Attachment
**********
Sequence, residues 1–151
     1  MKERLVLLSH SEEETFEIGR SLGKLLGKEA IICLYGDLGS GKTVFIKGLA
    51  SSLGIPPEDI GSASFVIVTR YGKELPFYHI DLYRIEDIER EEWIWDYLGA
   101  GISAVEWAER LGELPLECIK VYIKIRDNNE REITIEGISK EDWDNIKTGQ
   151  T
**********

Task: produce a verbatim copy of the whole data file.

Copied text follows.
Sequence, residues 1–151
     1  MKERLVLLSH SEEETFEIGR SLGKLLGKEA IICLYGDLGS GKTVFIKGLA
    51  SSLGIPPEDI GSASFVIVTR YGKELPFYHI DLYRIEDIER EEWIWDYLGA
   101  GISAVEWAER LGELPLECIK VYIKIRDNNE REITIEGISK EDWDNIKTGQ
   151  T